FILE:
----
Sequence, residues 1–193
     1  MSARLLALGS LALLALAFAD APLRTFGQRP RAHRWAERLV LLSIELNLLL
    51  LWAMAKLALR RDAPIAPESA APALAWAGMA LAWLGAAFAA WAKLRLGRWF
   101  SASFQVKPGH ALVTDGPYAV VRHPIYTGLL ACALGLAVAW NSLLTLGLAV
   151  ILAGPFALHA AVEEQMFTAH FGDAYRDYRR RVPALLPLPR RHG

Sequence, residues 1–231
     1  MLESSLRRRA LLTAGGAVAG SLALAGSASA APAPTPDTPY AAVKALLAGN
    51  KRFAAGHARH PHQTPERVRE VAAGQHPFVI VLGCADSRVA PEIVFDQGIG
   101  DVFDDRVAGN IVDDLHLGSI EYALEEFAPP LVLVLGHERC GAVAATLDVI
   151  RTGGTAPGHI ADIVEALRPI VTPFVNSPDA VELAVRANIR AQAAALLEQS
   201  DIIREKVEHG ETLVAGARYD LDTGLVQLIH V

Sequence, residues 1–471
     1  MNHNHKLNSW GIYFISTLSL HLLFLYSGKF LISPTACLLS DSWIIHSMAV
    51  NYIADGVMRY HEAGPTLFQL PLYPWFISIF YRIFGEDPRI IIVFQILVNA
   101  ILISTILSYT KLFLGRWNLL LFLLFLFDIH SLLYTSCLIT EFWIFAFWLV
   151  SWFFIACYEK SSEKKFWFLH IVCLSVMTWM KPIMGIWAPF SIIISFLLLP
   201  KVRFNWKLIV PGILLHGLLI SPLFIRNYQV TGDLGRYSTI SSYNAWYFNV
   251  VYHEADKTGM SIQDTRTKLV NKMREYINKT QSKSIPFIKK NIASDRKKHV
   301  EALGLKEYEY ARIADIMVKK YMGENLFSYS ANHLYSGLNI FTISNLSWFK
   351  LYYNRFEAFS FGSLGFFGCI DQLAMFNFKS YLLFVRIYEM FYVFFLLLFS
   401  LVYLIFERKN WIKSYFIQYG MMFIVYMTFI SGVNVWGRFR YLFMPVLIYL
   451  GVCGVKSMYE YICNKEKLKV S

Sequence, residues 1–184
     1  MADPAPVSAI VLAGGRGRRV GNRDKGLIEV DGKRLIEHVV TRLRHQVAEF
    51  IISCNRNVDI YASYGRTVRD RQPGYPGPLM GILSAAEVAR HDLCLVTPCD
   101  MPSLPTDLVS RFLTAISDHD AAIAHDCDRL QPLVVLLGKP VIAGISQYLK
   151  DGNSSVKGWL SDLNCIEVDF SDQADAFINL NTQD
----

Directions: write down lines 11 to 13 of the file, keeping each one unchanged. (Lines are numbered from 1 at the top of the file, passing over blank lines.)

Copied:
   201  DIIREKVEHG ETLVAGARYD LDTGLVQLIH V

Sequence, residues 1–471
     1  MNHNHKLNSW GIYFISTLSL HLLFLYSGKF LISPTACLLS DSWIIHSMAV